Social justice advocacy through music performance: Testing the influence of performance context and audience physiological responses
School/Affiliation:Dept. of Psychology, Neuroscience & Behaviour, McMaster University
Co-Authors:Shreshth Saxena, Maya B. Flannery, Lauren K. Fink
Virtual or In-person:In-person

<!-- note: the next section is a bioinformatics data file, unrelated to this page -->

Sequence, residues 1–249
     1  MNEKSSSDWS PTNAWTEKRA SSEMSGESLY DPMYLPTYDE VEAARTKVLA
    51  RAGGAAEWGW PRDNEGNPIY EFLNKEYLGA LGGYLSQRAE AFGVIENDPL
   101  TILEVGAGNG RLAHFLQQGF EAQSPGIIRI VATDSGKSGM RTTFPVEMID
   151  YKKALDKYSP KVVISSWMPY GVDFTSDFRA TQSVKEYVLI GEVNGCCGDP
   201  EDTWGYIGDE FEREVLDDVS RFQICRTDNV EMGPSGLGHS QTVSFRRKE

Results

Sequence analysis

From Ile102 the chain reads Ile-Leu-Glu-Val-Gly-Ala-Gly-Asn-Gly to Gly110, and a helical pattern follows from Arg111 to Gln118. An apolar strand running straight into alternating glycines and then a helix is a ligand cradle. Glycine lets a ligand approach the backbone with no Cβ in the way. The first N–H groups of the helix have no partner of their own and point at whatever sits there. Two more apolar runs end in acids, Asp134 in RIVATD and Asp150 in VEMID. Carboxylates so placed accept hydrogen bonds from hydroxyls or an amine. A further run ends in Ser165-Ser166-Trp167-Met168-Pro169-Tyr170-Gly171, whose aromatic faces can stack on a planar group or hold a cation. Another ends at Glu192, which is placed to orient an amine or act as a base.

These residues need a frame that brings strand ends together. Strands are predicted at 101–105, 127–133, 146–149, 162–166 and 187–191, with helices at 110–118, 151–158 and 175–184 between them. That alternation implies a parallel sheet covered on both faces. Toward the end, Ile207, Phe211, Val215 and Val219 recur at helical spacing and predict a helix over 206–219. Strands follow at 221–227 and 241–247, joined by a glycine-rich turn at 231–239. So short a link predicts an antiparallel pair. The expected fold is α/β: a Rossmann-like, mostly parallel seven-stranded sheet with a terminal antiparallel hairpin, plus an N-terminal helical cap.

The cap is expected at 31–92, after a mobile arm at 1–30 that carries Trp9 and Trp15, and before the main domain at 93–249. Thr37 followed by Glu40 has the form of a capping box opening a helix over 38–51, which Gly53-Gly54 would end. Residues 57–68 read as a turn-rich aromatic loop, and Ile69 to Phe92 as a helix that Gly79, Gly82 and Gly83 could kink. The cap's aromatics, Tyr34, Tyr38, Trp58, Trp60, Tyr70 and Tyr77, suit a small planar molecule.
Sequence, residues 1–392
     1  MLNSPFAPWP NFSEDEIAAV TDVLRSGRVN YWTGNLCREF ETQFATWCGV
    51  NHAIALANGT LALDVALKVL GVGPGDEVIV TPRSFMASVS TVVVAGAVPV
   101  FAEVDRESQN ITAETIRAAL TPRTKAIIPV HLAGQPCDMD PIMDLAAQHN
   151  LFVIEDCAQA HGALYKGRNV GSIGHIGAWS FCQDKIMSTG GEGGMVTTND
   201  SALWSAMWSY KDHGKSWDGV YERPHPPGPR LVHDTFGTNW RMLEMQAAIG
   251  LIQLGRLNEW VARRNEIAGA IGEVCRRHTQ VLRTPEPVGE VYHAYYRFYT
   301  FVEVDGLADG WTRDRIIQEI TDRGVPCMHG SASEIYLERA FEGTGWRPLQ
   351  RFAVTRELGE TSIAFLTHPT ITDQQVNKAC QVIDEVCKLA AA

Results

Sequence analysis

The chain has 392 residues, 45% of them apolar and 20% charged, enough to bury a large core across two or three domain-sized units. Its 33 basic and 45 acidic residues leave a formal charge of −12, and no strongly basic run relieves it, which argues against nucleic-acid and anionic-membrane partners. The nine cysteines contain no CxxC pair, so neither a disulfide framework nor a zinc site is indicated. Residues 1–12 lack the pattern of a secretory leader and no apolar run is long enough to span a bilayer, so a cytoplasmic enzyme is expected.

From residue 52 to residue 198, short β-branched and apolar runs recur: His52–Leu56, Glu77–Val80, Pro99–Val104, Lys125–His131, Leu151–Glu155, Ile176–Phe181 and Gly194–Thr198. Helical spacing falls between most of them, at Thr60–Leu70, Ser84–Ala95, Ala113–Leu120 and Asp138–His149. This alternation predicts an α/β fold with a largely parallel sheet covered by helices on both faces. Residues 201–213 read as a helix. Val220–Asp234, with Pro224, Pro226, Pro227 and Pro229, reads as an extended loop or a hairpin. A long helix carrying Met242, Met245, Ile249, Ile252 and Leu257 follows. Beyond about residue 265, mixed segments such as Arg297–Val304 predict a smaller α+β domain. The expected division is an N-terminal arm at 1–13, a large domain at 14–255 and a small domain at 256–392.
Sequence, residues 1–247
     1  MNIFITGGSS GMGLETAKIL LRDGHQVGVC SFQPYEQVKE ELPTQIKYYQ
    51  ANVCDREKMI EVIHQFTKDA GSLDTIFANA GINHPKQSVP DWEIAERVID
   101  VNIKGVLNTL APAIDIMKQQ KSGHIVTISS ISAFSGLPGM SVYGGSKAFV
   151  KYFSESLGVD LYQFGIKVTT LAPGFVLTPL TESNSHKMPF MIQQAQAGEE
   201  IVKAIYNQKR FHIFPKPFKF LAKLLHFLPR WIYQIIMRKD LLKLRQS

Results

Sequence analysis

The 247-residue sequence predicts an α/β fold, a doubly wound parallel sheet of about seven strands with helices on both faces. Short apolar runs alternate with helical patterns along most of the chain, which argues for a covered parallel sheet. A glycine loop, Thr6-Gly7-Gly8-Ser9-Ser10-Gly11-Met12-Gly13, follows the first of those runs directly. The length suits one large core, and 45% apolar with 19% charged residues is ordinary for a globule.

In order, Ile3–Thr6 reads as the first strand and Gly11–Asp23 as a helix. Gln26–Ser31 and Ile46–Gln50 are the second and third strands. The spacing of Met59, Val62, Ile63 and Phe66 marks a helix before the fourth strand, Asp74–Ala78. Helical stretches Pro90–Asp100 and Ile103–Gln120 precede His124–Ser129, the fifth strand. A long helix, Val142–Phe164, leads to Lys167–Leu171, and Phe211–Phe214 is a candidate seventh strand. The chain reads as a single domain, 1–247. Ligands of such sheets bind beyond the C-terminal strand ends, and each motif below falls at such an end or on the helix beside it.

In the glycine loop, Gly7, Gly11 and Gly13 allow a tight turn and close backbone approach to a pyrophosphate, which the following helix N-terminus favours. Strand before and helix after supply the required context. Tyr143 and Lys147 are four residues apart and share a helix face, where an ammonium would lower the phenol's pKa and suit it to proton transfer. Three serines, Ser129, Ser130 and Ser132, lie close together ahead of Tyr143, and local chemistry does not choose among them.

Music moves us, making it a popular medium to advocate for social justice. In an outstanding example, the percussion performance The Innocents by Allen Otte and John Lane addresses wrongful incarceration and the fate of exonerees. The story behind the performance is documented in an eponymous film by Wojciech Lorenc. While musicology and sociology have studied the political potential of music, there is little psychological evidence regarding the mechanisms and the effectiveness of social justice advocacy through music. The planned study therefore investigates whether The Innocents can increase audience commitment to the issue of wrongful incarceration, and how performance context, physiological changes, and social co-presence drive this effect. Based on the reciprocal feedback model of musical communication, we will test how The Innocents influences audiences’ social justice commitment (measured via active interest), depending on background knowledge (watching the film before vs. after the performance) and on in-person vs. remote livestream attendance. In addition, we will analyse the mediating role of audience attention and engagement between the conditions and social justice commitment. Audience reactions will be recorded with self-reports and physiological measures (eye movements, head motion, heart rate) for both in-person and remote participants. This poster details the background, study design, instruments, data management, and planned analyses, with the data collection scheduled for April 2024. Providing empirical evidence for the effectiveness of advocacy through music performance would be relevant for artists and funding agencies alike. Moreover, the unique dataset will be made publicly available for further analyses.